ON BEING THE ASIAN STUDENT IN THE ASIAN CENTURY, MELBOURNE" -- From Asia Literacy to Australia Literacy" #3
Immigration Museum
Event Date: 12/04/2017

From Asia Literacy to Australia Literacy" #3

ON BEING THE ASIAN STUDENT IN THE ASIAN CENTURY, MELBOURNE

Co-organized by Monash Asia Institute, Monash University & Immigration Museum

Education is an important export industry for Australia and Melbourne accepts the largest number of international students from Asian regions. Giving warm welcome and cultivating hospitality to international students from Asian regions has been stressed. But what are the realities of the lived experience of the International students in Melbourne? Are they free from racialised stereotyping? How are their experiences similar to and different from local students with Asian heritage? How do they perceive Australian society where many people of Asian heritages as well as Asian students live? What kind of literacy on “Asia” and “Australia” do they consider desirable to foster?

In this panel discussion, Mr. Gary Lee, the International Student and Youth Officer at the City of Melbourne will lead and guide a conversation with international students from Asian countries and local students with Asian heritages. The conversation will consider experiences and responses to racialisation /stereotyping on "being the Asian student".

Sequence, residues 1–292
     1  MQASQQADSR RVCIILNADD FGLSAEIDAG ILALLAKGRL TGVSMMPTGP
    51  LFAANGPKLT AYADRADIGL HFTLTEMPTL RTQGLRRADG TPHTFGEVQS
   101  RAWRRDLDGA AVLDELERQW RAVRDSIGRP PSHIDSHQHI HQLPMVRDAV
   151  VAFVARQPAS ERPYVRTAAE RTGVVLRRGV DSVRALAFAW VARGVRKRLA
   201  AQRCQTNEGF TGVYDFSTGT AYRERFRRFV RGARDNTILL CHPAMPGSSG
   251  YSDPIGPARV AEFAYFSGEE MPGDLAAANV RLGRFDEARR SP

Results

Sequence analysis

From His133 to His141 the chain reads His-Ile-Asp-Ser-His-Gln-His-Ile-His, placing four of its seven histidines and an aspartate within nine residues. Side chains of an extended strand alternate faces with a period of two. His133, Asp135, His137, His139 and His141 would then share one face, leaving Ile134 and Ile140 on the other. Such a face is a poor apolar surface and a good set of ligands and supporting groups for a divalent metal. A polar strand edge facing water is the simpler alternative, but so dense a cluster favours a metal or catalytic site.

Speakers

Gary Lee is Australia Day Council ‘New Australian of the Year 2016.’ He is an advocate and champion of cultural diversity, particularly issues pertaining to international students and migrants.. In January 2016, Gary was announced as the ‘New Australian of the Year 2016’ by the Australia Day Council; and in the same year, he was recognised for his tireless work introducing new Australians to the indigenous game of AFL with the 2016 AFL Multicultural Community Ambassador of the Year Award.